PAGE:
Rapid growth in the number of towns declaring themselves motorcycle friendly could devalue the term’s status, says Australian Motorcycle Council (AMC) chairman Shaun Lennard (pictured above).
“This is something good in the world of motorcycling, but the idea is still only small,” he says.
“There are only a handful of places that use this term now.
“Riders can feel that there is some good reason and benefits in going to a particular place where they are made to feel welcome.
“The problem is that with no control it will randomly appear and lose its value.
“Someone could say I’ve got a picture of Mick Doohan on my wall, so therefore I’m a motorcycle friendly cafe.
“We run risk that the tag will be diminished with no criteria. People will arrive at a town or business that is motorcycle friendly and think ‘what did I get?’.”
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Shaun was commenting after a recent MotorbikeWriter reader poll showed that riders did not want regulation of motorcycle friendly status like RV Friendly Town status.
“Towns might decide they want to do the right thing by riders and go to someone to ask what criteria is necessary, but who would they go to?” says Shaun who was instrumental in assisting with the first motorcycle friendly region, Glamorgan Spring Bay in Tasmania.
Shaun says it would be ideal to have a national body assisting towns.
“National branding would be good so it is the same across the nation and easily identifiable by riders,” he says.
“In the RV community there is an expected standard for an RV Friendly Town. They have some idea of what they will get.
“Riders would have expectations of what they might get in a Motorcycle Friendly Town, but there is no common ground or national benchmark so it would vary from location to location which could diminish its status.
However, Shaun says a state structure “would also make sense”.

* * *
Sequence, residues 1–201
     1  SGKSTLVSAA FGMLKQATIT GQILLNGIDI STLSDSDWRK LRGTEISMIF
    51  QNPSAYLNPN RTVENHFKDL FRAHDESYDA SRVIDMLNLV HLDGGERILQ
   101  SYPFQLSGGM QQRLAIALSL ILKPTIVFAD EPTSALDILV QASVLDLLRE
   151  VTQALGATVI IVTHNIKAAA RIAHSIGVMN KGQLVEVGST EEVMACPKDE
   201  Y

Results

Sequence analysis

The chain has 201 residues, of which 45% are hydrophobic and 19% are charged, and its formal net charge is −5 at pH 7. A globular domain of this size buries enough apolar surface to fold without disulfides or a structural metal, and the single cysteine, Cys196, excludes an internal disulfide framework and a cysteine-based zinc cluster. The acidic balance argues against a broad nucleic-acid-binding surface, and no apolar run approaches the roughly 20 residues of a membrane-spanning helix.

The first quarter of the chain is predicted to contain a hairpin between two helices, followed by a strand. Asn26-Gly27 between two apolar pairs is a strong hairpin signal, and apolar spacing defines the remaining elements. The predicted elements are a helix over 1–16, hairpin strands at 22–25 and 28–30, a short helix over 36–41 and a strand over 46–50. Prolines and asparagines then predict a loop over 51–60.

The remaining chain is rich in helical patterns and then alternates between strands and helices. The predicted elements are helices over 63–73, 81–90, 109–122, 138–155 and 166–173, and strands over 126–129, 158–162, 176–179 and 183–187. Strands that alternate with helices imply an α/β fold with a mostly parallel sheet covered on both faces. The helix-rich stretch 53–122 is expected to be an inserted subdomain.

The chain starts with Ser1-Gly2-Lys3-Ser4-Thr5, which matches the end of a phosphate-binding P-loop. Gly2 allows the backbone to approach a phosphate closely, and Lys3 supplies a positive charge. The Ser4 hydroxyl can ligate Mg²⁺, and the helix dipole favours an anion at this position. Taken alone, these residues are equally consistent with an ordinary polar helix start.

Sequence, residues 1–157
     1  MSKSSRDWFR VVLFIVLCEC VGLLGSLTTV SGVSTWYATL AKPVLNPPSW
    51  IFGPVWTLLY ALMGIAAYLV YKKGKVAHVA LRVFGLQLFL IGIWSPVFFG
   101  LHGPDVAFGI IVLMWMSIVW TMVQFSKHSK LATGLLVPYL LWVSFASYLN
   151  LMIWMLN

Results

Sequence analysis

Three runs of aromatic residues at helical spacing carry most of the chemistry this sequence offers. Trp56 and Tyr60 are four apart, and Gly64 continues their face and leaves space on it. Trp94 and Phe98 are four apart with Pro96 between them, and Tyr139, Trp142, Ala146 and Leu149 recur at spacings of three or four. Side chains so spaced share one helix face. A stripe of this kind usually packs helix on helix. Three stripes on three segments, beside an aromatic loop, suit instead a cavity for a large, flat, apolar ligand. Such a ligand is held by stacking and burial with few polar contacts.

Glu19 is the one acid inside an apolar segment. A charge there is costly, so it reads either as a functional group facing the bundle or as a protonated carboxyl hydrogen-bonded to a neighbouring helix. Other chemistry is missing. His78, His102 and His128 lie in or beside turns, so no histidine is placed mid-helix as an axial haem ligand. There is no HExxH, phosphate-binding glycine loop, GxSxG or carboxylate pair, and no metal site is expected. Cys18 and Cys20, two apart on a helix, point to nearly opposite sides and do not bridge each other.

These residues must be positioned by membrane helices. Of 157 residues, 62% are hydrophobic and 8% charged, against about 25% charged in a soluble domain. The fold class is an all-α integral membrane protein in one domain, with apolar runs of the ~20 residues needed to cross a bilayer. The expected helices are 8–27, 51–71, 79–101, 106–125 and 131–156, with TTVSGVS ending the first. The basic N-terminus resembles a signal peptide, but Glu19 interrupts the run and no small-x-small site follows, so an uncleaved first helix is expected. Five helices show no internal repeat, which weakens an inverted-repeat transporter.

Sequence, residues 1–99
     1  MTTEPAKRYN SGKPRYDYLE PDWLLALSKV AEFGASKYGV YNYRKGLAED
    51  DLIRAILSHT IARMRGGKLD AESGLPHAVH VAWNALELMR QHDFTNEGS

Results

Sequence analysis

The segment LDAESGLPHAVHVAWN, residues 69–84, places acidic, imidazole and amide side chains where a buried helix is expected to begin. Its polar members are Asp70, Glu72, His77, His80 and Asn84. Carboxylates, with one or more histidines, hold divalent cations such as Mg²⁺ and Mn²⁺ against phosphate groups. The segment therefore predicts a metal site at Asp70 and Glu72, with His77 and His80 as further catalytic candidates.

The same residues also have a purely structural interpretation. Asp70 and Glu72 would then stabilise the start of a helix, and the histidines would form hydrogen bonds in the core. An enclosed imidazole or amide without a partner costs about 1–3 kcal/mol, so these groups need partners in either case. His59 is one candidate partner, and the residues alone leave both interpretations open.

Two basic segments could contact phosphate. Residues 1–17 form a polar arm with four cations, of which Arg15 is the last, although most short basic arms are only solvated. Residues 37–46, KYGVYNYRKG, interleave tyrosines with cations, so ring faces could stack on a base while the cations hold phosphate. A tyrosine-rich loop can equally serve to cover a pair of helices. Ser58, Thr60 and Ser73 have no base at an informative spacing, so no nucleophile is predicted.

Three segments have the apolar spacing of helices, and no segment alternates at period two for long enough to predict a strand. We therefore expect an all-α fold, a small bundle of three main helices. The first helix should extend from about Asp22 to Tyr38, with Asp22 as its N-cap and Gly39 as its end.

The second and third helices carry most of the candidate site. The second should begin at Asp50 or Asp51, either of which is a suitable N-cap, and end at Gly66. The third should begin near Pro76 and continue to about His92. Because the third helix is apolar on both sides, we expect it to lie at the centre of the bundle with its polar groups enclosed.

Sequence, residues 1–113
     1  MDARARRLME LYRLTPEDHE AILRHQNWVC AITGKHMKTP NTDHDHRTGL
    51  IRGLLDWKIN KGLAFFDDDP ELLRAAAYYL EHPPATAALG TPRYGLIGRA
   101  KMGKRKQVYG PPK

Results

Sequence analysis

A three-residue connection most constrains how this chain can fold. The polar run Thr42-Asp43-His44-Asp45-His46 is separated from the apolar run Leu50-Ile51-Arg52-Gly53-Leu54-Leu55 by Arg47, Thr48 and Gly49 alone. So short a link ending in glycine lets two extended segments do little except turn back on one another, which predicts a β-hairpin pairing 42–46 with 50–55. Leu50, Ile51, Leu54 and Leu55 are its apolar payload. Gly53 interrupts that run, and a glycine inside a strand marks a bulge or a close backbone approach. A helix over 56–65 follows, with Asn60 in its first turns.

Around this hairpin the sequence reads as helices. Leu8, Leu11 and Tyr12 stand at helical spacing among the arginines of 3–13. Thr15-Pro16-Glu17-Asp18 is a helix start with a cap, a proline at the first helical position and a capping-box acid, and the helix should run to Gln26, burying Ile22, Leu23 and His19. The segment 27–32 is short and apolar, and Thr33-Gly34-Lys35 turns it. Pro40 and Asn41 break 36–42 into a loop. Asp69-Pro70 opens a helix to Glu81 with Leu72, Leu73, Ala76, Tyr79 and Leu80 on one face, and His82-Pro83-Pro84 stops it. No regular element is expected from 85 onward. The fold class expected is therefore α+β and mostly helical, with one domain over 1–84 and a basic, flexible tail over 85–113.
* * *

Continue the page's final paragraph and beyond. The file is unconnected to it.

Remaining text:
The Motorcycle Council of NSW has setup a committee to look into motorcycle friendly criteria.
Wauchope has declared itself a Motorcycle Friendly Town
Shaun says he is aware riders do not like laws and regulations.
“Riders don’t want unnecessary rules,” he says.
“Without wanting to be a generalisation we are a free-spirited lot and we don’t like extra levels of bureaucracy.
“The issue is that it is easy for a town to call themselves motorcycle friendly, but what are the criteria? Who governs or controls this?”
Avon Valley is the first motorcycle friendly region
Shaun plans to raise the issue at the next annual meeting of the AMC in late august or September.
“We will definitely discuss it and look at some way the Australian Motorcycle Council could administer it or at least set up some national structure.
“It’s not necessarily a negative thing. It would be a way of making motorcycle touring a better experience for riders.”
Shaun says that the Glamorgan Spring Bay tourist board asked the AMC for criteria.
“I was invited to go and speak to about 60 people about the sorts of things that might be good and what they could look at,” he says.
“In a way, that is the level of structure it might be.”